Tuesday, September 22, 2015

A new option for brain mets...Involved-field fractionated radiotherapy - a step between SRS and WBR

Resection Followed by Involved-Field Fractionated Radiotherapy in the Management of Single Brain Metastasis.  Shim, Vatner, Tam, et al.  Frontiers of Oncology.  Sept 2015. 
We expanded upon our previous experience using involved-field fractionated radiotherapy (IFRT) as an alternative to whole brain radiotherapy (WBRT) or stereotactic radiosurgery (SRS) for patients with surgically resected brain metastases.

All patients with single brain metastases who underwent surgical resection followed by IFRT at our institution from 2006-2013 were evaluated. Local recurrence-free survival, distant failure-free survival and overall survival were determined. Analyses were performed associating clinical variables with:  local recurrence, distant failure, salvage approaches and toxicity of treatment for each patient.

Median follow-up was 19.1 months. Fifty-six patients were treated with a median dose of 40.05 Gy/15 fractions with IFRT to the resection cavity. Local recurrence-free survival was 91.4%, distant failure-free survival was 68.4%, and overall survival was 77.7% at 12 months. No variables were associated with increased local recurrence, however melanoma histopathology and infratentorial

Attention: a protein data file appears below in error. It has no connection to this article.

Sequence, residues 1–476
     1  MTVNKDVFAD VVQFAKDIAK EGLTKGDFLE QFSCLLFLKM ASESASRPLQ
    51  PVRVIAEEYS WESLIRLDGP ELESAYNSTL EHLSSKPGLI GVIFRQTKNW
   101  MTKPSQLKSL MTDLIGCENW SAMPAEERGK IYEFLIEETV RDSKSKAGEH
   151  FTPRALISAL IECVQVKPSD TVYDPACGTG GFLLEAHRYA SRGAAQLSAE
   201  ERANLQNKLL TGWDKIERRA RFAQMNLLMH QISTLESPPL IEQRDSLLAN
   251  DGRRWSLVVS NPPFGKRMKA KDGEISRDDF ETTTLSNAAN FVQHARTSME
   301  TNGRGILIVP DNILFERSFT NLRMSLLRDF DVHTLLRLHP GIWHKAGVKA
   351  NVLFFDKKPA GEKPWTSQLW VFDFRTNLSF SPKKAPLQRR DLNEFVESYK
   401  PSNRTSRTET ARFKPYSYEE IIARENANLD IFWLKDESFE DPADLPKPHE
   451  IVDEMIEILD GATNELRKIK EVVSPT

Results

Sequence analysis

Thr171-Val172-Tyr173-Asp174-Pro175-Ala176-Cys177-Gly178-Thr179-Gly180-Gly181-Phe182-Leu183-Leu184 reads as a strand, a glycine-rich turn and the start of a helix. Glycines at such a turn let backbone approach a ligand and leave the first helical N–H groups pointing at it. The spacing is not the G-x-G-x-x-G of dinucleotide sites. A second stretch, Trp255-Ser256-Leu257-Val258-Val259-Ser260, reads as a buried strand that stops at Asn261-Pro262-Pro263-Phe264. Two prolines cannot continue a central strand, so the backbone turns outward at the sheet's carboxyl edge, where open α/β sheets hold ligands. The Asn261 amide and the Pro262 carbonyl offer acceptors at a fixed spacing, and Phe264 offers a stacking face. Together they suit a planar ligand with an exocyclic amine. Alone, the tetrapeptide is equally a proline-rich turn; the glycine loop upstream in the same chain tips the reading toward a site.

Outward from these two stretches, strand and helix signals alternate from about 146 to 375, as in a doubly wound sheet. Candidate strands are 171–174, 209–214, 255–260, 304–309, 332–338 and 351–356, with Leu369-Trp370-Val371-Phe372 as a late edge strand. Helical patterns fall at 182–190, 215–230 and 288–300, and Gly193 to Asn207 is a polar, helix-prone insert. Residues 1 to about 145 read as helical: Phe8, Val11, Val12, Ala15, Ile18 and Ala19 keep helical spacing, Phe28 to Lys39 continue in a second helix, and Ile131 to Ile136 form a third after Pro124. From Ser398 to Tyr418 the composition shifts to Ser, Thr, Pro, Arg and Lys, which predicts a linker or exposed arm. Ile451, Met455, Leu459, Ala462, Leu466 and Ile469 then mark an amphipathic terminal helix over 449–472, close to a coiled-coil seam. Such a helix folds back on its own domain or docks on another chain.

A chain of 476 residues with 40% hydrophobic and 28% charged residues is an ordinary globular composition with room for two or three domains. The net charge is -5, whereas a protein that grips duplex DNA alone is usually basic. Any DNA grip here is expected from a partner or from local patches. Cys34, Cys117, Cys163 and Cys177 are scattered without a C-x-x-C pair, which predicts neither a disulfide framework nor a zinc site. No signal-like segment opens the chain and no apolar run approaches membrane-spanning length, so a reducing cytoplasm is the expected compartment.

[below the membrane that divides the celebellum from the cerebrum...a so called eloquent area of the brain] location were associated with distant failure on multivariate analysis. Local recurrences were salvaged in 5/8 patients, and distant failures were salvaged in 24/29 patients. Two patients developed radionecrosis.

Adjuvant IFRT is feasible and safe for well-selected patients with surgically resected single brain metastases. Acceptable rates of local control and salvage of distal intracranial recurrences continue to be achieved with continued follow-up." 

Thoughts:  These numbers look pretty good, though IFRT is addressed through only in 56 patients and there is no documented comparison between results of SRS and WBR vs IFRT noted here.  There is no mention of cognition post procedure as compared to patient's ability before.  And...while brain mets here were clearly due to a variety of cancers...leave it to melanoma to be the bad boy in the room.  At any rate, perhaps it will at least come to be one more option that folks with brain mets can think about with their doc.

Best - c

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